Tijdens,K.G., Visintin, S. (2016). What do workers do? Measuring the intensity and market value of tasks in jobs. AIAS

Tijdens,K.G., Visintin, S. (2016). What do workers do? Measuring the intensity and market value of tasks in jobs. University of Amsterdam, AIAS Working Paper 161.

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ABSTRACT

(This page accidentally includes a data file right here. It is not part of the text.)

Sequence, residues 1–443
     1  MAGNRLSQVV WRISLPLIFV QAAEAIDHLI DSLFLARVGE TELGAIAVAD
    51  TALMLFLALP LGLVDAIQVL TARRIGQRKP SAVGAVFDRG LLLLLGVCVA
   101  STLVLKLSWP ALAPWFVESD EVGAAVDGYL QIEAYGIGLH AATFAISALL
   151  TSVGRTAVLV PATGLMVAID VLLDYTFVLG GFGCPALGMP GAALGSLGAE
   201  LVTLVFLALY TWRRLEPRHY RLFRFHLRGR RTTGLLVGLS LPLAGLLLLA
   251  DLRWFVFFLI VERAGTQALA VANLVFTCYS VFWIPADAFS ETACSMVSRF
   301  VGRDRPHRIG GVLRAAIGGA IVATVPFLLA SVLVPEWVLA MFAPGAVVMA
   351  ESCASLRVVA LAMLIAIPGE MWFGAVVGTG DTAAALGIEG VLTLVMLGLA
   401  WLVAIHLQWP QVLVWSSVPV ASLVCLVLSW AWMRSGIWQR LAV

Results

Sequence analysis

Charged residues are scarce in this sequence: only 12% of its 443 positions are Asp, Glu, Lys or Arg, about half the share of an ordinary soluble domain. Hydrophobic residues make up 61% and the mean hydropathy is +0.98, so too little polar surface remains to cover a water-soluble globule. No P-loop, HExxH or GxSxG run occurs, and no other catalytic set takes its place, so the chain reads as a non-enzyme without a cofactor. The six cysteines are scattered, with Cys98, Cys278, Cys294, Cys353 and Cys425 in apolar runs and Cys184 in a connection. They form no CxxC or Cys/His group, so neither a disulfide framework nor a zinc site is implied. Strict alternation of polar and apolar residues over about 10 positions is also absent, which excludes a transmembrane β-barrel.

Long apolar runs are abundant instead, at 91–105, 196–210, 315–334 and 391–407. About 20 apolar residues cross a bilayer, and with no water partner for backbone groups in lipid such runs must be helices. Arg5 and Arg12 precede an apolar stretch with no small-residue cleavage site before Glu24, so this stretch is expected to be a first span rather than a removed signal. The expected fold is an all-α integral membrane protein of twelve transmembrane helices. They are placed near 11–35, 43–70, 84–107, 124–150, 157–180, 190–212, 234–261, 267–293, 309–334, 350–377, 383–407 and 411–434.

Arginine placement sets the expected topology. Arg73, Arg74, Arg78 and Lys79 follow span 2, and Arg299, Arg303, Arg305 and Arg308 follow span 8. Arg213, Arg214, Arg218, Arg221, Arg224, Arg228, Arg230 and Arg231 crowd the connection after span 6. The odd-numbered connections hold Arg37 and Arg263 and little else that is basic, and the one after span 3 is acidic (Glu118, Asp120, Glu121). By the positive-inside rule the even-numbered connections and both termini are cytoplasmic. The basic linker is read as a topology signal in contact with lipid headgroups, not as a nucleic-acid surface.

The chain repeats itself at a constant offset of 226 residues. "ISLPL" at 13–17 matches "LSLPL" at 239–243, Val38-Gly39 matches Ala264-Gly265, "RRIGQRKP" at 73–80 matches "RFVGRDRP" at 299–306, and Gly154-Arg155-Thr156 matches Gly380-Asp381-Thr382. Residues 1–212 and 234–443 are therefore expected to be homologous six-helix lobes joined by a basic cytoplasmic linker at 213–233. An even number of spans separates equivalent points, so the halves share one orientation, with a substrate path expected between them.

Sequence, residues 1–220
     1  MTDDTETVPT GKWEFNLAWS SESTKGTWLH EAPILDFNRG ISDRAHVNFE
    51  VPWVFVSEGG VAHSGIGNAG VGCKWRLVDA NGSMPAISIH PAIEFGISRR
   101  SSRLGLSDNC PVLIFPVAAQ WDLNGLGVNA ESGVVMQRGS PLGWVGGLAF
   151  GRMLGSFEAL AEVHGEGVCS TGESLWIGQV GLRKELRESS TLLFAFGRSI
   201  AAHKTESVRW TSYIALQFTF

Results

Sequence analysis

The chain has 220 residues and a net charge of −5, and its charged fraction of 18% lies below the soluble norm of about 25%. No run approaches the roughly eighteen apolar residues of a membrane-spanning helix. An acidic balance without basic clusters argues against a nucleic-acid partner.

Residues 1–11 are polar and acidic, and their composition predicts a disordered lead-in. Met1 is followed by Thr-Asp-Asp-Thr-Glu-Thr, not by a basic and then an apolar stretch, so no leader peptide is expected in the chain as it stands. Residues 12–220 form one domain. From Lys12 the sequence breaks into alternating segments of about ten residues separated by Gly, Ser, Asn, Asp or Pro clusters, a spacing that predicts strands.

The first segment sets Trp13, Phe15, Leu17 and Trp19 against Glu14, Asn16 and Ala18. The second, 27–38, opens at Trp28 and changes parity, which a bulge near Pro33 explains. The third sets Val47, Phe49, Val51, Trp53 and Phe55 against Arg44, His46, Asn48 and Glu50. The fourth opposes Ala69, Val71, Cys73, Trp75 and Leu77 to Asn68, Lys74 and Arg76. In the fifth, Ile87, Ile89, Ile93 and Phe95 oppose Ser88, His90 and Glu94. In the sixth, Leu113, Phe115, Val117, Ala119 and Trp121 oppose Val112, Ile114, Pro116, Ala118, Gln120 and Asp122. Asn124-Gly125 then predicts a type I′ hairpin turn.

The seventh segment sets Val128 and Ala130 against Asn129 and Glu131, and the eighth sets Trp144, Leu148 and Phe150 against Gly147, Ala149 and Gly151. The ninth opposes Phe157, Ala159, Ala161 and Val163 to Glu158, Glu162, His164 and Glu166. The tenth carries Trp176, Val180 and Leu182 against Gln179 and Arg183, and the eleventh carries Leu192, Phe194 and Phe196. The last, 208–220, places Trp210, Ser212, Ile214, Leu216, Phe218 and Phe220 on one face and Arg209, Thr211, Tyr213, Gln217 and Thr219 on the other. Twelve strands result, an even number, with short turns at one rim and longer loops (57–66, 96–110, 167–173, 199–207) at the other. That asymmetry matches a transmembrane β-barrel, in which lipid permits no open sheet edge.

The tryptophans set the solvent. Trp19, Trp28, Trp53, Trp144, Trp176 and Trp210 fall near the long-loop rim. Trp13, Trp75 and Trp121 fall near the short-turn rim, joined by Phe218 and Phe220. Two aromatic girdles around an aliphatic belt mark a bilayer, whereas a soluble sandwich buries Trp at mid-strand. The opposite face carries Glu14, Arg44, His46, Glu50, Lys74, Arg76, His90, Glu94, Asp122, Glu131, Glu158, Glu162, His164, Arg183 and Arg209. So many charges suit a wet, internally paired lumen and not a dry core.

Do occupations refer to the same work activities, as assumed in occupational classifications such as the International Standard Classification of Occupations from the International Labor Organisation (ILO)? Up to now, no large-scale empirical testing of this assumption has been conducted, whereas occupations are a core variable in socio-economic research. Using the task descriptions provided for all ISCO 4 digit occupations, the frequency of task implementation was tested using respondents in the multi-country, multilingual WageIndicator web survey on work and wages in 13 countries. The web survey targets individuals in the labour force. Depending on their self-selected occupation, the relevant task list was shown and respondents were asked to tick on a 5-point scale how often they performed each task. For 427 occupations (ISCO08 4 digits) in total 3,237 occupation- specific tasks were available. Between November 2013 and August 2015 33,678 respondents had completed the tasks questions for their respective occupations. The results show that task measurement is feasible because it can generate sufficient observations to allow for analysis for a range of detailed, 4-digit occupations. Moreover, given that the WageIndicator web survey also holds data on wages, the median and average hourly wages (in Euro) could be computed for each task separately, showing that the average wages of tasks performed on a daily or weekly basis ranged between 5 and 34 Euro. The data collection challenges future empirical testing of hypotheses concerning the variation in task frequencies and their related wage premiums within and across countries, across occupations’ skill levels, across firm sizes, across regions and alike.